Brest prepares the ground for collaborative climate action

Brest Bay by Rachel Omnes
On May 11, TOMORROW’s partners went on a virtual visit to Brest. We would have liked to do this visit in person, but the current sanitary measures prevented us to do so – again! Luckily, our French pilot city organised a very interactive event, with presentations and fun games that allowed us to discover Brest’s climate and energy plans and actions.

Find more about their Local Climate Plan on their official website [in French]

While the Local Climate Plan, with its 60 key actions involving 13 different sectors, defined actions that are mostly led by the metropolitan government and its established partners (agencies, public companies etc…), TOMORROW is providing a great opportunity for them to create new partnerships and involve different actors in the transition of their territory. Thanks to the project, they will be able to reach out to them and ask how their activities can contribute to Brest climate and energy objectives, how they can make their city a more liveable place.

Brest process towards the creation of the local transition roadmap

The metropolitan government is targeting a wide and diverse audience, from citizens and civil society organisations to companies and municipalities. They planned to structure their activities along 4 main areas:

1) Definition of a partnership action plan

The city launched a commitment charter organisations can choose to sign individually. Public and private actors can also create a coalition to define and take action together. The charter details the city’s climate plan and provides 3 different options, going from a lighter involvement - Level 1 "I adhere to the Climate Plan" – to planning concrete actions with Level 2 "I join and I act" and setting quantitative objectives with  Level 3 "I adhere, act and set quantified objectives". Below you can see the different stages leading to the signature (and the reporting).

Brest Charter Process - Credits: Brest Metropole (BM)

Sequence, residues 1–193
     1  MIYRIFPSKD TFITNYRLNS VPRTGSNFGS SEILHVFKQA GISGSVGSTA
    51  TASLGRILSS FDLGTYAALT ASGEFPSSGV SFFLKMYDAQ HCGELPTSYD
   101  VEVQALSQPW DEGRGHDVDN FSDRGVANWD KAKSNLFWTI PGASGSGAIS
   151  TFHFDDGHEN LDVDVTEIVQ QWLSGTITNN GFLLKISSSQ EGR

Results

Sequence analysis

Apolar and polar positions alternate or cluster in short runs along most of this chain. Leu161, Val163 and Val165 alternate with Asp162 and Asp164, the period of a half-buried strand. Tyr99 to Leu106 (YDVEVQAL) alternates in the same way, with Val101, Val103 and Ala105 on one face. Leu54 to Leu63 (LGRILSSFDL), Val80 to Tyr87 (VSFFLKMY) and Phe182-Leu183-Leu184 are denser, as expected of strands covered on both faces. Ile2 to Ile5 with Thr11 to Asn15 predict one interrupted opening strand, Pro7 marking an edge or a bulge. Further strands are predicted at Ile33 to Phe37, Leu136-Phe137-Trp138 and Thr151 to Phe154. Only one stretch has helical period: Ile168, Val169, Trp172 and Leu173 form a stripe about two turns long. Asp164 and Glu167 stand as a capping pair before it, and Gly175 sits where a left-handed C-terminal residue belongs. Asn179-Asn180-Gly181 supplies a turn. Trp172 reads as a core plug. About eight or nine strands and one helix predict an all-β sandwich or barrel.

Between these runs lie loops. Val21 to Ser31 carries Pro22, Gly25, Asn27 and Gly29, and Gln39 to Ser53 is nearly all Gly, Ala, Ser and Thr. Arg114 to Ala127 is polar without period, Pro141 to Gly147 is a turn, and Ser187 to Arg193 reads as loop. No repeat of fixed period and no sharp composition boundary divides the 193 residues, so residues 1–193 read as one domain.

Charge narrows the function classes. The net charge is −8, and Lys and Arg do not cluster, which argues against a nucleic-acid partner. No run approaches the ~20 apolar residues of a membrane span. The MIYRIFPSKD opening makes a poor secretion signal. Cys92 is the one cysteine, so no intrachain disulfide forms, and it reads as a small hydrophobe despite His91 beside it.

Brest Charter Process - Credits: Brest Metropole (BM)

2) Proximity actions on energy transition

The cities is planning a call for small projects and organising events and workshops to boost citizens actions.  

3) Promotion of engaged actors

By committing to the charter, local actors can gain visibility thanks to interviews and promotion of their sustainability efforts on the official website of Brest Metropole. They also have the opportunity to exchange and discuss more regularly during the meetings and events organised for the partners.

4) Discussions of a new and sustainable governance model

The metropolitan government is hosting discussions about the local 2050 roadmap via local stakeholders committees, public events and in the local Transition Team. This will allow the roadmap to include different views and needs, being the result of a collaborative effort and consequently make its implementation easier.

Latest progress

TOMORROW project manager Anne-Claire Urvoas shared the latest updates on the roadmapping activities in Brest. Beside the local transition team, Brest Metropole fostered the creation of 8 coalitions to work on the transition roadmap. Six are thematic, aggregating actors around Sustainable events; Mobility alternatives to individual cars; Reduction of home-work trips; Eco-materials; Behavioural changes; Lighting reduction and optimisation. One coalition has a geographical focus and brings together the organisation of the local technology park and the 8th coalition is formed by the local youth groups and students associations.

Following the launch event in November 2020 (read more about it in our previous blog here), the city had around 50 individual meetings, reached 6 signed commitment charts - 20 additional ones are in the pipeline, organised meetings and workshops and planned a training for coalition facilitators. A public event is foreseen for 19th November 2021.

Challenges and next steps

Any organisation that embarks in truly collaborative processes can become overwhelmed by the big coordination and communication efforts required. This is even truer for cities who are not so familiar with co-creation. Brest seems up to the challenge, also thanks to the strong political support they have in the metropolitan government and a very motivated core team. In the following months, they plan to adapt the governance model, by setting up an external committee to provide advice, orient and monitor the activities of the Transition Team. They will have to address some questions brought by the commitment charter: how to evaluate the commitments when precise data is lacking? How to simplify the charter signature process? How to adapt the charter to be suitable for a diverse range of actors? We look forward to find out their progress and solutions in the following months!

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